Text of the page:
Joyce Olson Resnikoff, Olde Mistick Village developer, receives 2017 Athena Award

Joyce Olson Resnikoff, Olde Mistick Village developer, receives 2017 Athena Award

The Westerly Sun

NORTH STONINGTON — First a hush, then a gasp and then thunderous applause filled the banquet room at Lake of Isles resort Thursday night once the announcement was made.

Joyce Olson Resnikoff, the 80-year-old real estate developer who created and developed Olde Mistick Village, was the first and only woman on the board of the Eastern CT Chamber of Commerce, has empowered scores of women to succeed in business, founded the Mystic Coast and Country Travel & Leisure Council and fought the the Federal Railroad Administration when plans to run an alternative rail route through Mystic — had just been named the 2017 Athena Award winner.

Calling her a “powerhouse in the tourism industry,” and “a positive force for empowering women,” Geraldine Cunningham, president and CEO of Geraldine B. Cunningham Associates, one of the sponsors of the event, presented a statue of Athena, the ancient Greek goddess of wisdom, to Resnikoff in front of a room packed with more than 200 people, many of them on their feet and applauding.

“I want to thank you very much,” began Resnikoff, “I am very, very honored.”

“I’ve had a wonderful life,” added the octogenarian who has been called “a pioneer,” and was the only woman on the board of the Bank of Mystic for 10 years, has supported a number of cultural and non-profit service agencies in the region, and who fought the Connecticut blue laws prohibiting retail business on Sundays during the 1960s and 70s. “And it’s because of how I was raised.”

The East Haven, Conn.-native went on to speak about a memory she has, of being an 11-year-old girl and listening to her father, the late Martin Olson, address a town meeting in faltering English.

“I heard a man stand up and speak the truth,” she said, “in a Norwegian accent.”

“I was blessed with a wonderful father and mother,” she continued, “I was the youngest of four children and before my father died, he established a trust, and he made me the head of that trust.”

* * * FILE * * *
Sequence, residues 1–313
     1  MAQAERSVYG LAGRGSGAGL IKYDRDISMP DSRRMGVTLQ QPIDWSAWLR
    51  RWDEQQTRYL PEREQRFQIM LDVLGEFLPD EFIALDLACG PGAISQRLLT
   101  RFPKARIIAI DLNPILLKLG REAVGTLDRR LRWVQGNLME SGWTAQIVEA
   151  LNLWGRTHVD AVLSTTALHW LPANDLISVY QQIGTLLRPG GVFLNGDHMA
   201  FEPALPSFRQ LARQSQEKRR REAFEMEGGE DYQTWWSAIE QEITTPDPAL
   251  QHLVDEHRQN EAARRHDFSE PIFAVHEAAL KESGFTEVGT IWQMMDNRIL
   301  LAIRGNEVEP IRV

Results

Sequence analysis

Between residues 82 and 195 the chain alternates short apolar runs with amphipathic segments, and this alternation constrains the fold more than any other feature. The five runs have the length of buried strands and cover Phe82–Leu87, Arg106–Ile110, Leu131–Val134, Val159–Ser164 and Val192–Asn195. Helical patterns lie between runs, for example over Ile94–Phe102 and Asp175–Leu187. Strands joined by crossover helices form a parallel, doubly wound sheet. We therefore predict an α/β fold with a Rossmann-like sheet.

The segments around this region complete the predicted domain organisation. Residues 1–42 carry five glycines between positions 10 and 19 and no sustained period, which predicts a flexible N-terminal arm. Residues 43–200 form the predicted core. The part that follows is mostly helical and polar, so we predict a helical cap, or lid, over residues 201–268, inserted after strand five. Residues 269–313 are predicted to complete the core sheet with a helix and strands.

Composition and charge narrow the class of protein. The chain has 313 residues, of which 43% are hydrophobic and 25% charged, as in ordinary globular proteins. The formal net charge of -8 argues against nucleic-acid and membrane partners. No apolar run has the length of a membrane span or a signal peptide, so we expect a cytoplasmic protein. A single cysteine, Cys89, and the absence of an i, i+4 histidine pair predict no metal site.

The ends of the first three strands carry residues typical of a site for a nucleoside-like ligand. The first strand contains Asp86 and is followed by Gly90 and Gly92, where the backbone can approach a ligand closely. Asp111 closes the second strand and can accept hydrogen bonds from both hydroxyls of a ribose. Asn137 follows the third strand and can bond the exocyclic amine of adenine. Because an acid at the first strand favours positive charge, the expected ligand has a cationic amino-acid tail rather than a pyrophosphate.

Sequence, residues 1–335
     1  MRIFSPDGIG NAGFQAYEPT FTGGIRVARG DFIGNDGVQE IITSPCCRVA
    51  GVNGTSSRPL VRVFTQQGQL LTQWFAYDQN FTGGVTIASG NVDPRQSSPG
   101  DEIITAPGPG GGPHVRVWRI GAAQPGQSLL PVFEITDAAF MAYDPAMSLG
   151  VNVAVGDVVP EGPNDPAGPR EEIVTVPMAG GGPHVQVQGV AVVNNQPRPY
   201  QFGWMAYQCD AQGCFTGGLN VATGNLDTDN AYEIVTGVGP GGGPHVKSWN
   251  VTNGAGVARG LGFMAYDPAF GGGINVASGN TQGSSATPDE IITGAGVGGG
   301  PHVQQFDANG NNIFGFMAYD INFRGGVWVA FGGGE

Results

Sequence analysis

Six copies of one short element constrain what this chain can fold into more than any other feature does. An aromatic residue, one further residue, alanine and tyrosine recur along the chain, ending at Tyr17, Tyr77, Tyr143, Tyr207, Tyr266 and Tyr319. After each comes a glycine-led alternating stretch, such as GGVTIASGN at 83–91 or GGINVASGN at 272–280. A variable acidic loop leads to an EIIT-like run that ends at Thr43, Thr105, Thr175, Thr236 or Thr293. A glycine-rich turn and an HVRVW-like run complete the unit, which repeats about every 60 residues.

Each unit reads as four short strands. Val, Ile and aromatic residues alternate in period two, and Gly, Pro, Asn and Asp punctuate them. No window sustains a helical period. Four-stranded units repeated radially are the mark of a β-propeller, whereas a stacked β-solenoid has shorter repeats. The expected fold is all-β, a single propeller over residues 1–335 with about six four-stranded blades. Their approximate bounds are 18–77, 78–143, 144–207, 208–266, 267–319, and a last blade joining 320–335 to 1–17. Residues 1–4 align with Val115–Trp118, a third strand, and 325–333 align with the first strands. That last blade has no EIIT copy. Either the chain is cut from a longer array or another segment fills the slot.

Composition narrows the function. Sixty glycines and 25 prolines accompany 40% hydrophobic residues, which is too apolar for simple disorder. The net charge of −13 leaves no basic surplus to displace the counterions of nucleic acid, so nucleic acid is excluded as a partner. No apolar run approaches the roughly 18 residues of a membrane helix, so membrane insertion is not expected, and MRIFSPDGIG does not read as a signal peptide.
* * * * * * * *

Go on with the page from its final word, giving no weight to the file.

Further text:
It’s one of the reasons, said the mother of four sons, that she has been so determined “to see women do so well.”

Resnikoff said when she interviewed young women interested in opening a business in her iconic, eclectic shopping center, she always asked them one question in particular: What is your dream?

“Don’t give up on your dreams,” she told the crowd.

Every morning, said grandmother of six and great-grandmother of five, she gets up and goes into the office and she enjoys it.

“And,” she added, to the delight of the crowd, “I’m a cougar, I have a special young man.”

“And I am happy,” she concluded.

Earlier in the evening, Lisa Konicki, president of the Ocean Community Chamber of Commerce, who emceed the event, called Resnikoff “a powerhouse of a business woman,” and “the ultimate collaborator.”

Konicki also highlighted Resnikoff’s eagerness to support the Westerly region following the devastation wrought by Super Strom Sandy in 2012.

Konicki recalled Resnikoff’s “incredible leadership help during the Bring Back the Beach” effort.

“She called and asked, ‘What can I do?’ and then she held a fundraiser that raised an incredible $57,000 in the first seven minutes of the event,” Konicki said. “She believes in love.”

The Athena Award is given each year to a local person who helps women realize their full potential, demonstrates excellence, creativity and initiative in their profession or business and who provides valuable service by contributing time and energy to improve the quality of life for others in the community.

The other 2017 nominees included Westerly residents Sandy Bliven, Linda Bongiolatti, Jan Chamberlain, and Ruth Tureckova, and Colchester resident Melanie Goggin.

Bliven is a real estate agent with RE/ MAX South County; Bongiolatti is a member of Westerly’s Zoning Board and serves as president of the local chapter of the League of Women Voters; Chamberlain, a physical therapist, owns First Physical Therapy in Westerly; Tureckova, is a professor at Three Rivers Community College and the student services coordinator for the Education Exchange; Resnikoff is a real estate developer who created Olde Mistick Village; and Goggin is the owner of Mel’s Downtown Creamery in Pawcatuck.

As part of the annual Athena ceremony each year, several scholarships are awarded to deserving young people in high school with records of community service.

Jessica Weber of Stonington was this year’s Falguni B. Hauser Memorial Scholarship winner, Kyla Trolan a Westerly High School senior, was awarded the Mary Lou Serra Memorial Scholarship, a $500 award given to a senior who has been involved in their community, church, or with drug and alcohol abuse prevention; Britney Lumsdon and Rashmi Hauser were awarded Konicki Family Scholarships, and Katelyn Laudone was awarded the 14th annual Athena Scholarship.

Despite the terrible news from around the country and a round the world, said Konicki when the program began, “things are good in Westerly-Pawcatuck, in our slice of heaven. They’re good because of the people.”


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